Intracardiac electrophysiology study (EPS) is a test to look at the heart's electrical function. It allows doctors to check for abnormal heartbeats or heart rhythms.
Electrophysiology study - intracardiac; EPS - intracardiac
The study involves placing wire electrodes in the heart. These electrodes measure electrical activity in the heart and its muscle cells.
The procedure is done in a hospital laboratory by trained staff that includes a cardiologist, technicians, and nurses.
A health care provider will clean your groin area and apply a numbing medicine (anesthetic). The cardiologist will then place several IVs (called sheaths) into the groin or neck area. Once these IVs are in place, wires or electrodes can be passed through the sheaths into your body.
The doctor uses moving x-ray images to carefully guide the catheter up into the heart and place the electrodes into the proper areas.
The electrodes detect the heart's electrical activity and are used to check the heart's electrical system.
Other procedures that may also be done during the test:
You will have to avoid eating or drinking for 6 - 8 hours before the test.
The procedure will take place in a hospital, and you will wear hospital clothing. You must sign a consent form for the procedure.
Your health care provider will instruct you about any changes you must make to your normal medications. Do not stop taking or change any medications without first talking to your health care provider.
You will usually get a mild sedative 30 minutes before the procedure. The procedure may last from 1 hour to several hours. You may not be able to drive home yourself, even if you are released the same day.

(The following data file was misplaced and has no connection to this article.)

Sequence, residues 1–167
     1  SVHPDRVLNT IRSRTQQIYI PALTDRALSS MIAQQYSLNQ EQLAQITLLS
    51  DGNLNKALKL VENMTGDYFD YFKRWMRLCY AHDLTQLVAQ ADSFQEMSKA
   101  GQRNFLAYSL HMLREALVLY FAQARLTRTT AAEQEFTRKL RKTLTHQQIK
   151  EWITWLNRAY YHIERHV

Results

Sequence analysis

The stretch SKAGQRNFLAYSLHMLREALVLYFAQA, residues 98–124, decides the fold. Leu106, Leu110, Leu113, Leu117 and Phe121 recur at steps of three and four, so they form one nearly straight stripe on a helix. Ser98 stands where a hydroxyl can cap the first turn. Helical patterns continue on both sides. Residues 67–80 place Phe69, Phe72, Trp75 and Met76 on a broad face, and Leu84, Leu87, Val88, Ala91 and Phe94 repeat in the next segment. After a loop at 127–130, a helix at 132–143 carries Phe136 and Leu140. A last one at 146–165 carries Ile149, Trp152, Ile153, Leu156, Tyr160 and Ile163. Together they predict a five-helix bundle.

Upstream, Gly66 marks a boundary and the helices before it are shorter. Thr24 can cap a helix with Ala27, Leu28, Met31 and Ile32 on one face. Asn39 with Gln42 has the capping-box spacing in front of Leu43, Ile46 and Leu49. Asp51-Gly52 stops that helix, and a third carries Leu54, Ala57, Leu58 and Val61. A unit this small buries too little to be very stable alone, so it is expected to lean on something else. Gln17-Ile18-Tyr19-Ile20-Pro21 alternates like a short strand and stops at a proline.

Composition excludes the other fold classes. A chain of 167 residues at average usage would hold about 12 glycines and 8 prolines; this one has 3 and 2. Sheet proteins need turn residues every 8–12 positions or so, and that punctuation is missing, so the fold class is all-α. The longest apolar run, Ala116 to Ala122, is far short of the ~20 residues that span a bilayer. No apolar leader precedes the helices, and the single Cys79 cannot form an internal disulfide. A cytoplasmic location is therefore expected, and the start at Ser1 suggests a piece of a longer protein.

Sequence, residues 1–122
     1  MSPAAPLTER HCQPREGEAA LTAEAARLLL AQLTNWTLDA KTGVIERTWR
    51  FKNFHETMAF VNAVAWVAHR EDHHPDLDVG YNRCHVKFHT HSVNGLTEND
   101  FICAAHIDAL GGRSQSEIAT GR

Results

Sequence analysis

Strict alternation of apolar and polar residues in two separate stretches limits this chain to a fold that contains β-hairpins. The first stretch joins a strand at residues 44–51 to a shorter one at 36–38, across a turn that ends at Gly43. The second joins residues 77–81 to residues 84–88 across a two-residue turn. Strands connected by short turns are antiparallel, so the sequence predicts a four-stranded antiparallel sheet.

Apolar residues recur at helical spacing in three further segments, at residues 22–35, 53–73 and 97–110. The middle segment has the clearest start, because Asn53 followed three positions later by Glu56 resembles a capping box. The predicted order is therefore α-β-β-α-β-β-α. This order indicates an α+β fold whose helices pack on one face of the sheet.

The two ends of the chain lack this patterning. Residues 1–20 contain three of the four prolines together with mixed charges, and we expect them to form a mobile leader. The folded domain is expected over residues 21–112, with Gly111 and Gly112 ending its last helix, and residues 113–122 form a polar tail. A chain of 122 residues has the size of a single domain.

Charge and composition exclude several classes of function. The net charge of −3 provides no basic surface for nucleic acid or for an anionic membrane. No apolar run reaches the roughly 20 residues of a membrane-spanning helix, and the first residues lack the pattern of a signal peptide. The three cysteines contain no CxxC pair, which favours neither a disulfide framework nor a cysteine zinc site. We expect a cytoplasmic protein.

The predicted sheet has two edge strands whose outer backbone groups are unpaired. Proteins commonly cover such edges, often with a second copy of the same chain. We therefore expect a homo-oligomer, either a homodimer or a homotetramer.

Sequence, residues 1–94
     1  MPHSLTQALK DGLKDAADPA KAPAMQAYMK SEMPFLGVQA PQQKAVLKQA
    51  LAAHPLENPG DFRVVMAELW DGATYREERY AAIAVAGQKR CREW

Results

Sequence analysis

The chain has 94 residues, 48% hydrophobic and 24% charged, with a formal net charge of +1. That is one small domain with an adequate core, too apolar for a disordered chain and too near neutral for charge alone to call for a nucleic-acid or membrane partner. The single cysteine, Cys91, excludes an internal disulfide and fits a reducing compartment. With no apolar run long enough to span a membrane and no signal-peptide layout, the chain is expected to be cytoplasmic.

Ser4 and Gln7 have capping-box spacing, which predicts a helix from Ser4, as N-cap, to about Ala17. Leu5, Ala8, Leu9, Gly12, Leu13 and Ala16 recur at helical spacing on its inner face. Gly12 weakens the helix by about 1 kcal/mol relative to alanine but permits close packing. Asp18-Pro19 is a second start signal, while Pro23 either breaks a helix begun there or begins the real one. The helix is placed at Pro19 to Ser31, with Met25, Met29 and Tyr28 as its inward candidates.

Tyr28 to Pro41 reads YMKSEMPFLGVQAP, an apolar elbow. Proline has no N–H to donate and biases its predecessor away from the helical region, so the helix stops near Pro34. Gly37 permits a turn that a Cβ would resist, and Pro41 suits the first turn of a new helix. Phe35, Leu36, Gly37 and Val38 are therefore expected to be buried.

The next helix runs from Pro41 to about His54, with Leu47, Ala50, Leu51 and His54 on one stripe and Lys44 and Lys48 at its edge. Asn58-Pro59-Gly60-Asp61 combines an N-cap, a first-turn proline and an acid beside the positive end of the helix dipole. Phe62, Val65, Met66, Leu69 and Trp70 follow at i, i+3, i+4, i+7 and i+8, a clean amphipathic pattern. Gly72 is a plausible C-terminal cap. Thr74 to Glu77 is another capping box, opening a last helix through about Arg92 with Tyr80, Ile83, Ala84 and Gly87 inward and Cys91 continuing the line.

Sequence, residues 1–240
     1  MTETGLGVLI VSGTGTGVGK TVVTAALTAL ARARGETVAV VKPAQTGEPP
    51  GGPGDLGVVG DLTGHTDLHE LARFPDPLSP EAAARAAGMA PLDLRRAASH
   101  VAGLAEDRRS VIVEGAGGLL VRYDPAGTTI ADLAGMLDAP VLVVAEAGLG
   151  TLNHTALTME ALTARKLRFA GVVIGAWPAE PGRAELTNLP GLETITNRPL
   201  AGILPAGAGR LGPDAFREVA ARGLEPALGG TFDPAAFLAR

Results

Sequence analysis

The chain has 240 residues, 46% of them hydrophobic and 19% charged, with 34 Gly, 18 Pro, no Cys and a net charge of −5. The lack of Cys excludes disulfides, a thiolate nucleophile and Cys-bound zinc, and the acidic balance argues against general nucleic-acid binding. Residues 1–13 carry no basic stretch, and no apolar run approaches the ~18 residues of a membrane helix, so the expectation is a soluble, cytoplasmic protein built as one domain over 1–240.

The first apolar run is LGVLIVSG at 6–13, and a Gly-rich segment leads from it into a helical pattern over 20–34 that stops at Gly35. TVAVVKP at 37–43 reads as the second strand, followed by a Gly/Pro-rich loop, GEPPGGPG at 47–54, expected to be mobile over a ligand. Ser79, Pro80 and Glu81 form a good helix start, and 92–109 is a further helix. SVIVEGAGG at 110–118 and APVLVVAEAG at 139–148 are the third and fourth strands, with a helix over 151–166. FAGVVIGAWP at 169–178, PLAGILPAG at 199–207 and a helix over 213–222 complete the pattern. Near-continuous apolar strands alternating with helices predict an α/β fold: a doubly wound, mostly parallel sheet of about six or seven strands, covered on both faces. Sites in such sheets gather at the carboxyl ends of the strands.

You will be awake during the test. You may feel some discomfort when the IV is placed into your arm. You may also feel some pressure at the site when the catheter is inserted. You may feel your heart skipping beats or racing at times.
Your doctor may order this test if you have signs of an abnormal heart rhythm (arrhythmia). Information from this study helps your doctor learn how severe the arrhythmia is, and the best treatment for it. Before this test is done, your cardiologist may have recommended that you have other tests.
An EPS may be done to:
Abnormal results may be due to slow or fast abnormal heart rhythms, such as:
This list does not include all causes of abnormal heart rhythms.
The health care provider must find the exact location and type of arrhythmia so that you can get the right treatment. The arrhythmia may start from any area of the heart's electrical system.
The procedure is generally very safe. Possible risks include:
Miller JM, Zipes DP. Diagnosis of cardiac arrhythmias. In: Bonow RO, Mann DL, Zipes DP, Libby P, eds. Braunwald's Heart Disease: A Textbook of Cardiovascular Medicine. 9th ed. Philadelphia, Pa: Saunders Elsevier; 2011:chap 36.
Olgin JE. Approach to the patient with suspected arrhythmia. In: Goldman L, Schafer AI, eds. Cecil Medicine. 24th ed. Philadelphia, Pa: Saunders Elsevier; 2011:chap 62.